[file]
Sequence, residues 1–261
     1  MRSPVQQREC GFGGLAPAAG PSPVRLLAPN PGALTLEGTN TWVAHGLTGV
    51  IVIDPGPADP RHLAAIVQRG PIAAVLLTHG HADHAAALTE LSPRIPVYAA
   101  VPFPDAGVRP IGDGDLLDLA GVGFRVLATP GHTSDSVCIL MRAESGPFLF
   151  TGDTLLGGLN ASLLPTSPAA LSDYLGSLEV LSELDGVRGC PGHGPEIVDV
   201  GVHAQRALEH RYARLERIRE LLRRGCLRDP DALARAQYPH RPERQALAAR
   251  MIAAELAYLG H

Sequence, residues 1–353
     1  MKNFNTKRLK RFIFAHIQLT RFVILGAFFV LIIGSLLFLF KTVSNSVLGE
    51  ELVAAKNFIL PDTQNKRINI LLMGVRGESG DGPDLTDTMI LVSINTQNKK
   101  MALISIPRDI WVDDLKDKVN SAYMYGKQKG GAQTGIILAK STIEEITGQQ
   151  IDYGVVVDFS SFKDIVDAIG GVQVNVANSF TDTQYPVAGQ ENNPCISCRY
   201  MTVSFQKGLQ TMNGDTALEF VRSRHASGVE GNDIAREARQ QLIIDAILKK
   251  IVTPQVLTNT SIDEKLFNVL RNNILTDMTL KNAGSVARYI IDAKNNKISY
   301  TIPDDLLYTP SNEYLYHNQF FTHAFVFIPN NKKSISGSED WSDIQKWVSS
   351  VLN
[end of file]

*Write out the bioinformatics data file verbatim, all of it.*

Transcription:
Sequence, residues 1–261
     1  MRSPVQQREC GFGGLAPAAG PSPVRLLAPN PGALTLEGTN TWVAHGLTGV
    51  IVIDPGPADP RHLAAIVQRG PIAAVLLTHG HADHAAALTE LSPRIPVYAA
   101  VPFPDAGVRP IGDGDLLDLA GVGFRVLATP GHTSDSVCIL MRAESGPFLF
   151  TGDTLLGGLN ASLLPTSPAA LSDYLGSLEV LSELDGVRGC PGHGPEIVDV
   201  GVHAQRALEH RYARLERIRE LLRRGCLRDP DALARAQYPH RPERQALAAR
   251  MIAAELAYLG H

Sequence, residues 1–353
     1  MKNFNTKRLK RFIFAHIQLT RFVILGAFFV LIIGSLLFLF KTVSNSVLGE
    51  ELVAAKNFIL PDTQNKRINI LLMGVRGESG DGPDLTDTMI LVSINTQNKK
   101  MALISIPRDI WVDDLKDKVN SAYMYGKQKG GAQTGIILAK STIEEITGQQ
   151  IDYGVVVDFS SFKDIVDAIG GVQVNVANSF TDTQYPVAGQ ENNPCISCRY
   201  MTVSFQKGLQ TMNGDTALEF VRSRHASGVE GNDIAREARQ QLIIDAILKK
   251  IVTPQVLTNT SIDEKLFNVL RNNILTDMTL KNAGSVARYI IDAKNNKISY
   301  TIPDDLLYTP SNEYLYHNQF FTHAFVFIPN NKKSISGSED WSDIQKWVSS
   351  VLN